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An Electron Miscroscope Study of a Case of Meningococcemia in Man

William Margaretten, MD; Ilona Csavossy; Donald G. McKay, MD
Am J Dis Child. 1967;114(3):268-277. doi:10.1001/archpedi.1967.02090240082005.
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ONE OF THE characteristics of fulminant meningococcal septicemia is the rapid onset of irreversible shock and death. In addition to the fulminant clinical course the disease has been of interest because it is associated with two unusual lesions in a significant proportion of cases. These are the purpuric skin lesions and hemorrhagic adrenal necrosis. Adrenal hemorrhage was originally considered to be the cause of shock and death in meningococcemia but, with the failure of corticosteroid replacement therapy, circulatory failure cannot be ascribed to adrenal insufficiency.1 In fact there may be no evidence of adrenal hemorrhage at postmortem examination, although the clinical course of the patient is characterized by irreversible shock. Ferguson and Chapman2 have reviewed the necropsy findings in 16 cases of meningococcemia. They noted the presence of diffuse thromboembolic lesions in many organs including the heart, kidneys, liver, and lungs, as well as the adrenal glands and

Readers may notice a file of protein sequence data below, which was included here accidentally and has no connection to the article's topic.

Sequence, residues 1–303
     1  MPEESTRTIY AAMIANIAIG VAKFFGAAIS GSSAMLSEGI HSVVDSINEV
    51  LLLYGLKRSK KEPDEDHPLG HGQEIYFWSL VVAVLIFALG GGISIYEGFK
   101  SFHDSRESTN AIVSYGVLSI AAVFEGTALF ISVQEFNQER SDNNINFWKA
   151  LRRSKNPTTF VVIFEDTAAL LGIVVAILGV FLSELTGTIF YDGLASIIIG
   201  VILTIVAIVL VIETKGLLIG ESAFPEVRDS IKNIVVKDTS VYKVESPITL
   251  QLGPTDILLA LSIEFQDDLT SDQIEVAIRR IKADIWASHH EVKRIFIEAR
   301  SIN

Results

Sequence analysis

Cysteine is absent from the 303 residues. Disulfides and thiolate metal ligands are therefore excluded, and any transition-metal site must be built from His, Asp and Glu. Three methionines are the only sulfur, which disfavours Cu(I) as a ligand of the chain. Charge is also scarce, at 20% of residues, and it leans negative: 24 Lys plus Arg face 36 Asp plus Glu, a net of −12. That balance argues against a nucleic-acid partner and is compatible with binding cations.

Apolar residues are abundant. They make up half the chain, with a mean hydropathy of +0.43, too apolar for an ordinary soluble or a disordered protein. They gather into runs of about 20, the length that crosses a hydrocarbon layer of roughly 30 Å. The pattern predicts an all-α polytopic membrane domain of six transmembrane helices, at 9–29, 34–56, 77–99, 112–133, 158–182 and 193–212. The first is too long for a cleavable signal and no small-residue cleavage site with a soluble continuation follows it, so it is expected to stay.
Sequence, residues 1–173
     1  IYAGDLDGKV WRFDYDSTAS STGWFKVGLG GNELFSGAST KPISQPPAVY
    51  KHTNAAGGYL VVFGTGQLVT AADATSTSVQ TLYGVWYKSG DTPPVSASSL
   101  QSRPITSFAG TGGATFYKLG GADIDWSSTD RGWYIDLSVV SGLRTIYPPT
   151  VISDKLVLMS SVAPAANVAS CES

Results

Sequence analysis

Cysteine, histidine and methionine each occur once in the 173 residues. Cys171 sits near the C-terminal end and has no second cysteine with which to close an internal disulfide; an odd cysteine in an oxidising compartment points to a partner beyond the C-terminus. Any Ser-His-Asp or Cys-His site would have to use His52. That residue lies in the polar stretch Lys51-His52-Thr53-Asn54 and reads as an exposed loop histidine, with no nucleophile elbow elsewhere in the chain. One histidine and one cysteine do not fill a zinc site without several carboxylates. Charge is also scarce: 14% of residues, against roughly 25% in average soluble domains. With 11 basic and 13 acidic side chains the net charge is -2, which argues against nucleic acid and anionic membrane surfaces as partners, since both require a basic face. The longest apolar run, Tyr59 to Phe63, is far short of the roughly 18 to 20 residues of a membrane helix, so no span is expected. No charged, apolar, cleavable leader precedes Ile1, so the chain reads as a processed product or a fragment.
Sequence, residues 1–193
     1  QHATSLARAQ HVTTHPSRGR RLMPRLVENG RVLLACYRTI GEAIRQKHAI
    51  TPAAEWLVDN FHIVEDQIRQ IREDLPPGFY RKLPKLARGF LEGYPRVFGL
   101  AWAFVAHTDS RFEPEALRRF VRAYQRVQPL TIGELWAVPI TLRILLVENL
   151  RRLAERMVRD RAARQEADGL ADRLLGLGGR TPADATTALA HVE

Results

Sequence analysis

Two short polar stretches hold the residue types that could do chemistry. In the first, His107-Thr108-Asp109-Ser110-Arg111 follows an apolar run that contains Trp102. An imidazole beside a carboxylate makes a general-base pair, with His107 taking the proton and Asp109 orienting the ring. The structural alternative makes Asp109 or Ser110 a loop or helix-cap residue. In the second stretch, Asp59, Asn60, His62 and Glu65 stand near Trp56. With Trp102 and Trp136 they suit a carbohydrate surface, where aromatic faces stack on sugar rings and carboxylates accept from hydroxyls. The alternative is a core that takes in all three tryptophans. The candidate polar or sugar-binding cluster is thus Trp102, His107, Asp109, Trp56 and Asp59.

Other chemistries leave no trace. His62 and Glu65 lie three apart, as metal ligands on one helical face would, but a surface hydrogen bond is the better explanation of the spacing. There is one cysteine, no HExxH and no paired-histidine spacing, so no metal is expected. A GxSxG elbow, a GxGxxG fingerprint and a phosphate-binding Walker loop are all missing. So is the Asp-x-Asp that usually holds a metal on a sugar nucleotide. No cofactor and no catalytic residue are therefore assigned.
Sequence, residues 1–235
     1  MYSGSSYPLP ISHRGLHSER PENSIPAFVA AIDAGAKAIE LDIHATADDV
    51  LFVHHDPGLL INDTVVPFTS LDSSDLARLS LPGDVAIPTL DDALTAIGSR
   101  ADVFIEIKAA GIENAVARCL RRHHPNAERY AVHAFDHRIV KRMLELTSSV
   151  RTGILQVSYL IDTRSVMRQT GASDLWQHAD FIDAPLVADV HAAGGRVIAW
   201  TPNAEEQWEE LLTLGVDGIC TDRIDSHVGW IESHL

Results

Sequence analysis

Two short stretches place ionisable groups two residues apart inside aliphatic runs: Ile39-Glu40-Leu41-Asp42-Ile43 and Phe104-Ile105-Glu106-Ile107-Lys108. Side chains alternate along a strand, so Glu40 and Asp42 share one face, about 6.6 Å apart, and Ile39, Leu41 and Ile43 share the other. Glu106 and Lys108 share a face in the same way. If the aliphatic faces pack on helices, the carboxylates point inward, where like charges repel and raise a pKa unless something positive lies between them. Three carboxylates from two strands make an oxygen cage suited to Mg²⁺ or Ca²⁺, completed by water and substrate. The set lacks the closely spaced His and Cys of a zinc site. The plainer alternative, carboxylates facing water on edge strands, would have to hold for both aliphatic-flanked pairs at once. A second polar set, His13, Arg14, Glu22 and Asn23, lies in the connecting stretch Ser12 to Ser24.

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The American Medical Association is accredited by the Accreditation Council for Continuing Medical Education to provide continuing medical education for physicians. The AMA designates this journal-based CME activity for a maximum of 1 AMA PRA Category 1 CreditTM per course. Physicians should claim only the credit commensurate with the extent of their participation in the activity. Physicians who complete the CME course and score at least 80% correct on the quiz are eligible for AMA PRA Category 1 CreditTM.
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